Four Ways to Ensure Business Continuity with your ESG Tracking

A decade ago, most companies didn’t consider carbon emissions a material concern to their business. But that’s changing as climate change intensifies. Investors are applying pressure, regulators are planning enforcement strategies, and companies are scrambling to shore up their ESG accounting and emissions reduction data.

In short: consistent, accurate corporate ESG tracking is no longer a nice-to-have. It’s a major factor in determining a company’s success.

Moving forward, companies will need to design continuity into their tracking and reductions strategy to remain competitive and resilient in the face of increasing volatility.

Corporate responsibility expectations are changing.

In the past, ESG accounting was often assigned to an untrained staff member or even an intern. The resulting reports were static documents that lived on desktop computers. Most reports lacked a consistent methodology from one year to the next. Many companies didn’t track carbon emissions annually at all, so they missed the opportunity to track positive and negative shifts over time.

Companies can no longer afford to manage their GHG inventory as an afterthought. Stakeholders are demanding that companies backup their carbon accounting claims. That means establishing a systematic approach that safeguards data continuity and redundancy across teams.

  • Investors want data. Investors now view climate and other environmental risk mitigation strategies as key business performance indicators.
  • Regulators want consistency. Regulators are looking to shore up carbon accounting inconsistencies and inaccuracies with new rules on climate-related disclosures that could take effect as early as December.
  • Competition for talent is fierce. ESG skills are in high demand. Relying on individuals rather than systems to manage your carbon accounting is a recipe for inconsistencies and lost data.

The bottom line: it’s more important than ever to build continuity into your carbon accounting processes. Don’t leave data or documentation to chance, only to find it isn’t available when your board or federal regulators request it–or worse, the data are inaccurate.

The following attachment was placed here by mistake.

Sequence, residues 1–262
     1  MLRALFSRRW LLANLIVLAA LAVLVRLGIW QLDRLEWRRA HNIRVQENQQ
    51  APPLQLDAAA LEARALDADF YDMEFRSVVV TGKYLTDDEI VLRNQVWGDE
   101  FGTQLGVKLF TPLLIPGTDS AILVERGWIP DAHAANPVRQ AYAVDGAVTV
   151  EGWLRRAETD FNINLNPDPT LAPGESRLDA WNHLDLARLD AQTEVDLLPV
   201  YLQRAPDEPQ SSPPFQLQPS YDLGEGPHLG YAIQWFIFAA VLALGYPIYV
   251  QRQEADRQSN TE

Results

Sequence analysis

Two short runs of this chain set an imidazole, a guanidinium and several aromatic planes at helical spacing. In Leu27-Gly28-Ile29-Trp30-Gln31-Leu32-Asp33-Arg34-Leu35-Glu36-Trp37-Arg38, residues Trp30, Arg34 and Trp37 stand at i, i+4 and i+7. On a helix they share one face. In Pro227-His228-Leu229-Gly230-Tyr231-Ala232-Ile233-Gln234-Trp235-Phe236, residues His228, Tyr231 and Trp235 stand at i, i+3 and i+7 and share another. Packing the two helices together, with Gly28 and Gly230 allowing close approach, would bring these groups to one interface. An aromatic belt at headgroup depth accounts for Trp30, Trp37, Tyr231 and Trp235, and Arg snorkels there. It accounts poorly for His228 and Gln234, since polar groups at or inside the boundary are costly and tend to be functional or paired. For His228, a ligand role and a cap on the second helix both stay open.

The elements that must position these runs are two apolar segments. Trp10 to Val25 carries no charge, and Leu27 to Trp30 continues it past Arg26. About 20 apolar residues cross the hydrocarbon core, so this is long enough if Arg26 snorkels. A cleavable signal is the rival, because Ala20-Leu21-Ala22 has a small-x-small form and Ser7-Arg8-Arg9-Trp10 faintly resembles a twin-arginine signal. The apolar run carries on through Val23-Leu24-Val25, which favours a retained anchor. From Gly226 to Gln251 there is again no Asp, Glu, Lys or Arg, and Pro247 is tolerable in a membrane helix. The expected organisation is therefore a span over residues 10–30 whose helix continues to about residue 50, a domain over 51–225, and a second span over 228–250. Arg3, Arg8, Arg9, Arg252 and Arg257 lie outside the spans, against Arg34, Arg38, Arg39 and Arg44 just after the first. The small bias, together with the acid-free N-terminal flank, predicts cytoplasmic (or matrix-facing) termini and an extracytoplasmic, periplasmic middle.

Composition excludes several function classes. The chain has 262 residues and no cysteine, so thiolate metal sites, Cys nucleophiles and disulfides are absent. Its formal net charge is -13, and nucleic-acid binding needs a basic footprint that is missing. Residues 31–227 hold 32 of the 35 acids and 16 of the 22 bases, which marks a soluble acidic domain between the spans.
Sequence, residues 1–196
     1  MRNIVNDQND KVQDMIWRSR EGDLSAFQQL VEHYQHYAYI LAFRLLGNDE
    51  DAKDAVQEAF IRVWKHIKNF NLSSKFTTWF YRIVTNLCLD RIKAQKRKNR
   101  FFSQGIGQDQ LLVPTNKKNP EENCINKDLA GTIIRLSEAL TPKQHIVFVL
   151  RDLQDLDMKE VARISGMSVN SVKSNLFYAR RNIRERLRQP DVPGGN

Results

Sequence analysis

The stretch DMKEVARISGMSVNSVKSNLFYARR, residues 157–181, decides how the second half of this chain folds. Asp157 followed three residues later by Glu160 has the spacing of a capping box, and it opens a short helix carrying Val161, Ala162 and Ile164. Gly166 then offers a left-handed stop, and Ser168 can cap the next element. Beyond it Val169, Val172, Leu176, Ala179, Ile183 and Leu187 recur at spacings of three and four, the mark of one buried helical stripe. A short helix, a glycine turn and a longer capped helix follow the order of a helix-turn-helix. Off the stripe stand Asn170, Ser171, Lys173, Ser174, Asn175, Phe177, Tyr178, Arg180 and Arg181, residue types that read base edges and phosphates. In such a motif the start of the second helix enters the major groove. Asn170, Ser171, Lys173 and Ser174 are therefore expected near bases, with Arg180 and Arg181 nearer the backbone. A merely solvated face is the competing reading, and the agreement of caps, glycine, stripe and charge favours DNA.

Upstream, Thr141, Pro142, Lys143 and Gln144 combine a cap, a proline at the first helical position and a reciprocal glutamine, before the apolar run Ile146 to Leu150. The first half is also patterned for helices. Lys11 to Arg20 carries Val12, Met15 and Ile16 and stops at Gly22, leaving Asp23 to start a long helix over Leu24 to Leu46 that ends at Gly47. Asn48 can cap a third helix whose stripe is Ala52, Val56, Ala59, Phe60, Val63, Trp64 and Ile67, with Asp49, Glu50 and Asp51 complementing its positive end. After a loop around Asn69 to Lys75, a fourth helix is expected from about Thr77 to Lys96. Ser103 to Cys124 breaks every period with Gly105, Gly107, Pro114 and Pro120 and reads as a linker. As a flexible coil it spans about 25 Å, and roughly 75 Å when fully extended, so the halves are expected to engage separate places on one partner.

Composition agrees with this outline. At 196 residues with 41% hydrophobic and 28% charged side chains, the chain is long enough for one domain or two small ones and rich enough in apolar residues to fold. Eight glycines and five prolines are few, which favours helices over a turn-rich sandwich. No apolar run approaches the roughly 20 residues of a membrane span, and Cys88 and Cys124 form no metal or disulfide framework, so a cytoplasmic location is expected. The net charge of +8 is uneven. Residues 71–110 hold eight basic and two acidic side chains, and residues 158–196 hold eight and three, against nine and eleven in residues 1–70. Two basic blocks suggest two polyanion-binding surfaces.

Business continuity is a core aspect of sustainability planning.

Fortunately, ESG tracking systems have come a long way. For example, SustainaBase’s software-as-a-service (SaaS) system automates inbound and outbound data feeds, translating emissions and other sustainability data into actionable insights.

Whatever system you choose, your emissions data needs to be up-to-date, accurate, and accessible across leadership and key business units. Below are four tips for how to incorporate business continuity into your ESG planning.

Four tips for incorporating business continuity:

1.Adopt a systems-based approach–and use it.

Demand for ESG talent is at an all-time high. You can’t count on individual staff to always be there to provide a historical perspective and shoulder the weight of your carbon tracking.

One of our customers recently lost all three people in their sustainability department in the same month to other opportunities. (Fortunately, their SustainaBase system enabled them not to miss a beat as they staffed up again!)

2. Keep everything in one place.

Kilowatt hours, therms, and tons. Emissions scopes 1, 2, and 3. Global supply chains and value chains. ESG accounting incorporates vastly different data from far-flung systems, and many companies still track those data in separate spreadsheets stored on shared drives.

Tracking multiple sheets and processes is a recipe for errors, omissions, and reconciliation headaches. When your job is to make sense of your ESG data for your stakeholders, you can make it much easier by housing all of your data in one system.

3. Develop an inventory management plan.

As with any robust system, a documentation guide is key. It’s not only an efficient way to train new staff; it’s your road map as the company grows and expectations shift.

Document everything from your methodologies to the source and quality of each data stream. Work with a SaaS provider that has a strong documentation mindset baked into their process. You’ll be grateful when it comes time to answer inquiries into your procedures, process, and calculations.

4. Support your users.

ESG is still a relatively new field. As more teams are pulled into sustainability accounting, it’s vital to have a plan to guide and train staff on your tracking system and goals.

Support and training can be very labor intensive, and the ESG field continues to evolve rapidly. While you can assign an in-house team to manage everything, a SaaS provider that offers group and 1:1 training to staff can save you time and money and ensure that everyone’s knowledge is up-to-date.

Set up a system that saves time and solves problems.

As we navigate a changing world, ESG is becoming more integral to business operations and strategic planning. Establishing business continuity for any core business system is critical to your company’s success.

A robust, supportive ESG tracking system allows you to focus less on chasing down data–and more on how to use those data to solve problems.

SustainaBase uses globally-accredited standards to help you measure emissions and progress toward sustainability targets. To learn more about how to implement an accurate tracking program at your organization,request a SustainaBase demo with one of our sustainability experts.

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